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July 28, 2016 Comments (0) International Education

New NCES Report Shows College Enrollment Up


Just in time for the school admissions decisions season, the National Center for Education Statistics, part of the U.S. Department of Education, has released the information it collected on the costs, financial aid, and graduation rates of 4-year colleges and universities nationwide. The report, called \”Enrollment in Postsecondary Institutions, Fall 201; Financial Statistics, Fiscal Year 2010; and Graduation Rates, Selected Cohorts, 2002-2007\” analyzes information culled during the spring of last year from the Integrated Postsecondary Education Data Systems.

The report includes info on the costs, pre- and post-financial aid for that different classes of 4-year institutions in the United States.

For those attending public 4-year institutions, average price before aid was approximately $16,900 and net price involved $10,200; for those attending nonprofit 4-year institutions, average price before aid was roughly $32,700 and net price involved $16,700; as well as for those attending for-profit 4-year institutions, average price before aid was approximately $27,900 and net price involved $23,800,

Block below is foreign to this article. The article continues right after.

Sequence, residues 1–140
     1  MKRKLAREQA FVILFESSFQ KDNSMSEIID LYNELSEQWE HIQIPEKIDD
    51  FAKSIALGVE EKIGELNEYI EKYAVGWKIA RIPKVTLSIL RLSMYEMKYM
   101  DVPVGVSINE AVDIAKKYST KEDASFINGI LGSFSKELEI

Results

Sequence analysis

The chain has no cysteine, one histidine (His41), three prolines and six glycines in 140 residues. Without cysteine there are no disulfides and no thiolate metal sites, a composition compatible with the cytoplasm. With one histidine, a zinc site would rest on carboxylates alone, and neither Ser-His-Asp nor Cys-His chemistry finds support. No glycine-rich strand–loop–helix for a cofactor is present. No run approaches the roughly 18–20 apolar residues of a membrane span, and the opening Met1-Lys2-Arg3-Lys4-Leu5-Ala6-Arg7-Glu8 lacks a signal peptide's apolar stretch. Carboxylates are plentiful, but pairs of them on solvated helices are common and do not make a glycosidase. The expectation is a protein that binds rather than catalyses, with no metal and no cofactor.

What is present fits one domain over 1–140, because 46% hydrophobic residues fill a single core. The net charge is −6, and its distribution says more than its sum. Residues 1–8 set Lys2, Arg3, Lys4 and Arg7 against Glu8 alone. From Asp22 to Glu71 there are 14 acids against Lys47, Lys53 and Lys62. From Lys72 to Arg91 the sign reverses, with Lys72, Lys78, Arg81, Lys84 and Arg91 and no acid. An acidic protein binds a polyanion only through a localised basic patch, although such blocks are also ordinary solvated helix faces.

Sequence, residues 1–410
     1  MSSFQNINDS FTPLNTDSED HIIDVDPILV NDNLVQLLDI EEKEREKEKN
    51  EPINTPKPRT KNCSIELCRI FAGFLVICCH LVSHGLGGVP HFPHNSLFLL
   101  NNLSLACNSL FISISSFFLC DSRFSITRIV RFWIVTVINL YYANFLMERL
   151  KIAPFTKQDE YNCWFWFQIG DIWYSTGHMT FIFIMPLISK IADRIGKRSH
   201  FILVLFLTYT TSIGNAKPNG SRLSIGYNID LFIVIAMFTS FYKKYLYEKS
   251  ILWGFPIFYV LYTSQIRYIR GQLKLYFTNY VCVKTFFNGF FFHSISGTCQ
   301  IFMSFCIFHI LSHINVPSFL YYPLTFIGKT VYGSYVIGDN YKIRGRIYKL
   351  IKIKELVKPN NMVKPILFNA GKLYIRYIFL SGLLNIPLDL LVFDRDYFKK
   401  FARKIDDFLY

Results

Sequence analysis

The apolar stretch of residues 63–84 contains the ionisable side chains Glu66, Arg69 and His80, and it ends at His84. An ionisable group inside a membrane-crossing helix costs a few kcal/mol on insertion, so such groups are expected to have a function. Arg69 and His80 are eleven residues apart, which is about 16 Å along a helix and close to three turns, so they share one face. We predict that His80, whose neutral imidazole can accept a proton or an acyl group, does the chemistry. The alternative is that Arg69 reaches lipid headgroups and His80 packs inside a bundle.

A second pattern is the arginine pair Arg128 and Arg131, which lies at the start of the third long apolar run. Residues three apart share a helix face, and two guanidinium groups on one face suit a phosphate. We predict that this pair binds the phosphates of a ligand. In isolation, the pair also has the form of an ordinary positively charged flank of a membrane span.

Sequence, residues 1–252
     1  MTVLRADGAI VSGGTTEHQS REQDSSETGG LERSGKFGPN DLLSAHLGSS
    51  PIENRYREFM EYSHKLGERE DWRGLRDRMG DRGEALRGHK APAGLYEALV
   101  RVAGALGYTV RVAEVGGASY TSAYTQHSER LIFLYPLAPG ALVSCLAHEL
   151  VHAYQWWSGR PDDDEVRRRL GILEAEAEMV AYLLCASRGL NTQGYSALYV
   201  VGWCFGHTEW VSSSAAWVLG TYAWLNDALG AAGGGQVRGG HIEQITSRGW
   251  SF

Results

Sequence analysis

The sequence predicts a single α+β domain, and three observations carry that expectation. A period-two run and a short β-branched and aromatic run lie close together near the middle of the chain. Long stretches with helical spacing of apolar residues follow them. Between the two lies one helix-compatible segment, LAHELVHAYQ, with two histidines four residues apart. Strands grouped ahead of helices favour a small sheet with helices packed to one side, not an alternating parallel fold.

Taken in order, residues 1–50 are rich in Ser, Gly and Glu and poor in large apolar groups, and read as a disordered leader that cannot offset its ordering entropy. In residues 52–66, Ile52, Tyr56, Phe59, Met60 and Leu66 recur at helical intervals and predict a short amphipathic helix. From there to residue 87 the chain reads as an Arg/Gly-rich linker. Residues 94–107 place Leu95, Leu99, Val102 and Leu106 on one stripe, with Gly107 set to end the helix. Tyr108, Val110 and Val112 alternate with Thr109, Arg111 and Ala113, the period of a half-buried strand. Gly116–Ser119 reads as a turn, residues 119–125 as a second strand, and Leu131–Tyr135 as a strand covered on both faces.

The report has found that 19 million undergraduates signed up for various accredited colleges and universities in the fall of 2010, with 56% of these enrolling in 4-year schools, while the majority of the rest signed up for 2-year schools. Only 2% of scholars chose to enroll in programs under two years in length.

Nearly 60% of those who chose to pursue a four-year bachelor’s degree, obtained that degree within 6 many years of first starting it.

Those who attended college full time had better outcomes and were more prone to attain a diploma than those who chose to enroll only part time. After the first year, 72% of full-timers remained as pursuing a degree, virus 44% of part-timers.

Overall, while year-to-year the number of people enrolling in college continues to increase, but the rate of increase has slowed and the data implies that for-profit colleges are becoming increasingly attractive for students seeking a degree.

For-profit colleges have become increasingly popular, using their enrollments growing by 8 percent, while public universities and private nonprofit colleges increased by a couple of percent.

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